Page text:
Muscat: The amount of money that private sector employees can get as inpatients under the upcoming mandatory health cover has been raised to OMR4,000.
This increase in inpatient medical cover will affect all Omani and foreign nationals employed in the country’s private sector, the families of expat residents, tourists to Oman, and domestic helpers in the country. In addition, outpatients can claim up to OMR500 in medical insurance costs.
These changes were introduced under new amendments that were made to the mandatory insurance law by Abdullah bin Salim Al Salmi, Executive President of Oman’s Capital Market Authority, the organisation that is overseeing the creation of this health insurance policy.
“The new amendments to the unified insurance policy for health insurance scheme or Dhamani, included additional provisions and amendments to some regulatory items to cope with domestic servants,” said Al Salmi. “Additional provisions will place due attention to the nature of such professions and encourage the employer to provide healthcare as one of the rights given to workers.”
He pointed out that the new provisions which covered health insurance for domestic servants would be merged with those benefits of basic insurance cover offered by some embassies to their respective expat communities. In addition, the maximum amount for inpatients has been increased to OMR4,000 and to OMR500 for outpatients.
“The amendments to the policy have come out following the consultations the Capital Market Authority has held with the Ministry of Foreign Affairs, and the representatives of the embassies of the communities in the Sultanate, that would be affected concerned with implementation of the Dhamani scheme”, he added.
In addition, private sector workers will receive an insurance policy for a period of one year, under the regulations of the new mandatory health insurance scheme that is expected to be rolled out in the country in 2020. Domestic workers, however, will receive an insurance policy that will last for two years. Orientation meetings have also been held with the representatives of all concerned sectors to take on board their views on the clauses of the unified health insurance policy, for local and foreign employees working in the private sector, as well as expatriate residents and tourists to the country. Setting up this legislative and regulatory structure has helped this scheme get closer to implementation.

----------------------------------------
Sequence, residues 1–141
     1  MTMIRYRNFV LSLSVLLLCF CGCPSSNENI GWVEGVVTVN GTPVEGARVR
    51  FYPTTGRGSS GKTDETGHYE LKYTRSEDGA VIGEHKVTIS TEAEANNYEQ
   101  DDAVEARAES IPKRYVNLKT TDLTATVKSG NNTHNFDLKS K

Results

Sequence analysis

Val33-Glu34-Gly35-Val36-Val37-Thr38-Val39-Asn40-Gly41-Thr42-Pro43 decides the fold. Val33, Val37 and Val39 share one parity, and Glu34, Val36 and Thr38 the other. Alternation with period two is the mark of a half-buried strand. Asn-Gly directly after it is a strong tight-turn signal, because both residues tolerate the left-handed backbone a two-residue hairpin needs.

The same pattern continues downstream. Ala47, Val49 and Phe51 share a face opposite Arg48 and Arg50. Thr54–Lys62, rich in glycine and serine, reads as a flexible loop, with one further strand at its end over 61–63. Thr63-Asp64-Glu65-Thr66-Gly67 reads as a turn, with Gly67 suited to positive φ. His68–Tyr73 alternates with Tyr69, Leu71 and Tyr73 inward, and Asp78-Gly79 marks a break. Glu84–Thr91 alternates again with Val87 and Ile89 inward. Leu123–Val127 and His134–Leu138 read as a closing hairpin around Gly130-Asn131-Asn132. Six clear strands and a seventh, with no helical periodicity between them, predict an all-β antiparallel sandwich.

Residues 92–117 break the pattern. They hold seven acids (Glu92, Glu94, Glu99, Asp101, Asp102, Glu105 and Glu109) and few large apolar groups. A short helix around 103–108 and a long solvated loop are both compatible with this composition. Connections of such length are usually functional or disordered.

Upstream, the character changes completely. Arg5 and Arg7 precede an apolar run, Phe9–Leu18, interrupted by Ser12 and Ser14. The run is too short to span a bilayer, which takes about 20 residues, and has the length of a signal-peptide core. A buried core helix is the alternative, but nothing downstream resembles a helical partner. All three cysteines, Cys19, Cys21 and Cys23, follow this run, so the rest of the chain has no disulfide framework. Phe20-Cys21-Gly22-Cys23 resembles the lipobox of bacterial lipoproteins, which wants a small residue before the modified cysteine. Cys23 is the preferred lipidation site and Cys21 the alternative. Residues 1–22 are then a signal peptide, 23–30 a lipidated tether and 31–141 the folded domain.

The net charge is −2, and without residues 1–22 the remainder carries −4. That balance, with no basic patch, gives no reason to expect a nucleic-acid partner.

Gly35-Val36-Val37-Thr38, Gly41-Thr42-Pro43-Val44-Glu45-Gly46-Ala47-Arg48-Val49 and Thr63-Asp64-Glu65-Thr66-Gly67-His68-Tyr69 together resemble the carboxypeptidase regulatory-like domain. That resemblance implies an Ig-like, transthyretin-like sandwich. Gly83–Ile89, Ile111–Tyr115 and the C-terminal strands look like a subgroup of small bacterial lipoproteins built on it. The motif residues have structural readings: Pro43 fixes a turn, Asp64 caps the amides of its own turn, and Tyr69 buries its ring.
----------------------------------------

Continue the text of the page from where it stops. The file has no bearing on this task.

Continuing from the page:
Al Salmi added that there would be a health insurance database available for those involved with the health insurance market, having been launched in October 2019.
The costs of healthcare required to tend to injuries suffered by employees at work, as well as domestic helpers, have also been included in the new mandatory health insurance policy, which is called ‘Dhamani’ (Arabic for ‘insurance’).
Regulations covering this scheme were also introduced in October, with Abdullah Salim al Salmi, saying at that time, “The issuance of the decision represents an advanced step in the readiness of the legislative structure and legal frameworks, which is one of the five steps adopted by the Authority in the implementation of the Dhamani project.”
He added that, “The health insurance rules aim to regulate the obligations of all parties, namely insurers, third party administrators, health service providers, the worker and employer.” He had previously explained that the health insurance rules set out the regulations and specify the legal obligations of each of the parties in the insurance process in four chapters focusing on the following: general provisions governing the health insurance market, licensing requirements to carry out the business, obligations of the parties and dispute resolution.
- With inputs from Oman News Agency